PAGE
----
The BDNF gene provides the instructions for making a protein found in the brain and spinal cord called a brain-derived neurotrophic factor. This protein promotes the survival of nerve cells (neurons) by playing a role in the growth, maturation (differentiation), and maintenance of these cells. In the brain, the BDNF protein is active at the connections between nerve cells (synapses), where cell-to-cell communication occurs. The synapses can change and adapt over time in response to experience, a characteristic called synaptic plasticity. The BDNF protein helps regulate synaptic plasticity, which is important for learning and memory.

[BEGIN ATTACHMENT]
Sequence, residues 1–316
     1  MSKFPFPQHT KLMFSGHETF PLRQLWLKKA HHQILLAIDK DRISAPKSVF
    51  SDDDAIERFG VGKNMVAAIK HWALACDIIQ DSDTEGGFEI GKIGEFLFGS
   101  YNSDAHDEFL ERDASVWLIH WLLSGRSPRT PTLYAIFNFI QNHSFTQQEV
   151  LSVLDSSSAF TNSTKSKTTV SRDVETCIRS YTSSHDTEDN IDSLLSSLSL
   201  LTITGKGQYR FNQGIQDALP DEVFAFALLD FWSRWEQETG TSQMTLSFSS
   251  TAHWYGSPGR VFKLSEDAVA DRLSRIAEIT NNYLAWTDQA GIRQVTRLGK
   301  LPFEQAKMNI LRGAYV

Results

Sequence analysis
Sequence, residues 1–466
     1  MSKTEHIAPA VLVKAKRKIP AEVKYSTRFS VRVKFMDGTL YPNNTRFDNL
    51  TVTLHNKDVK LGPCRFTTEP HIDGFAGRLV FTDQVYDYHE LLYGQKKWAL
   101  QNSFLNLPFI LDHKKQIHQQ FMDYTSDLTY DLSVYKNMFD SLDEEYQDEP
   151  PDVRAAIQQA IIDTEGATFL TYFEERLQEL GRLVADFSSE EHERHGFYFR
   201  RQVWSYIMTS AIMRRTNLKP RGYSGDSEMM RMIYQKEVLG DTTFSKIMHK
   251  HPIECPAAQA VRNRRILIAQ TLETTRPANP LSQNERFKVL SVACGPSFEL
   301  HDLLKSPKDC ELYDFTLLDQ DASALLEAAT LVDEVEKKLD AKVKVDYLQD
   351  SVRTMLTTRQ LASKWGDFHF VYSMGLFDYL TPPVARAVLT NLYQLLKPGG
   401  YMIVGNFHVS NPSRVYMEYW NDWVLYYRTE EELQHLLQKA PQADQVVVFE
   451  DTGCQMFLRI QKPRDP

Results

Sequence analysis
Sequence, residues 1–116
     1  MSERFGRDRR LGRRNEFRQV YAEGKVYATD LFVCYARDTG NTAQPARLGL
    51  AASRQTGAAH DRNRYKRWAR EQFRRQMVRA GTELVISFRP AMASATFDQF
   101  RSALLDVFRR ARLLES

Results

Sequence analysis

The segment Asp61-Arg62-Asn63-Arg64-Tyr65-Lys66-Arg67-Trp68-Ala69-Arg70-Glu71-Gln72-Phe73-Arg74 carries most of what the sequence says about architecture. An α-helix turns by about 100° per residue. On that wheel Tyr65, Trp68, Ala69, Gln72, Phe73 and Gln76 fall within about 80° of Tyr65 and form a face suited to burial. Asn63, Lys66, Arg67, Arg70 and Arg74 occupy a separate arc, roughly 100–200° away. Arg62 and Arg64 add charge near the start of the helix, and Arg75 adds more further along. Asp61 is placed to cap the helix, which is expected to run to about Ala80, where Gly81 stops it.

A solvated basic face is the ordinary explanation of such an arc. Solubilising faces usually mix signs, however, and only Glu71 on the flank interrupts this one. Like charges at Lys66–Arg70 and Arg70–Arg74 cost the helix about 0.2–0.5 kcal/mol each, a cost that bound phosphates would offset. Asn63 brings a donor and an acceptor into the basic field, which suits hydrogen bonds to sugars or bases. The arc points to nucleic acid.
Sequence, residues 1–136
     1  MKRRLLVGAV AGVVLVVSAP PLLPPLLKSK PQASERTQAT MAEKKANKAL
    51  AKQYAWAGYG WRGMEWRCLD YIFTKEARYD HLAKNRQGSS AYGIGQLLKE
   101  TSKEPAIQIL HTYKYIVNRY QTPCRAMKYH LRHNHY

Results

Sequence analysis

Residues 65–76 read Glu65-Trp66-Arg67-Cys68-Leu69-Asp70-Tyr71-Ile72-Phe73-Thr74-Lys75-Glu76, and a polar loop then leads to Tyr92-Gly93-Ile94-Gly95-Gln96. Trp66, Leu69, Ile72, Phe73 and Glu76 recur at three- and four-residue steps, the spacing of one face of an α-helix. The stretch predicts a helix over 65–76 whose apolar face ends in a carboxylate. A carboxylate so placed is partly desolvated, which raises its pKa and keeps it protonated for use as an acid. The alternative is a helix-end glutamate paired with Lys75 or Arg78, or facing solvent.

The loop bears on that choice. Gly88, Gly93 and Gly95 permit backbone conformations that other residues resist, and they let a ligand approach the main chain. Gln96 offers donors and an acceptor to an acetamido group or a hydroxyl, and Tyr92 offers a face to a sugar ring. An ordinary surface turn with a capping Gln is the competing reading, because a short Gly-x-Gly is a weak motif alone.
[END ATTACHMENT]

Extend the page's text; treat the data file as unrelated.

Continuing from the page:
The BDNF protein is found in regions of the brain that control eating, drinking, and body weight; the protein likely contributes to the management of these functions. Certain common genetic variations (polymorphisms) in the BDNF gene have been associated with an increased risk of developing psychiatric disorders such as bipolar disorder, anxiety, and eating disorders as well as playing a role in cognitive decline and Alzheimer's Disease.
Low BDNF levels in the cerebral spinal fluid may be a predictor of future cognitive decline in healthy older subjects, and higher levels may decrease risk. This risk was however modulated by regular participation in 'higher lifestyle activities'.
Increasing expression of BDNF has been achieved with engaging in regular aerobic exercise, curcumin, resveratrol, CoQ10, green tea, phosphatidylserine, B3, vitamin E, piperine, basil, and cinnamon.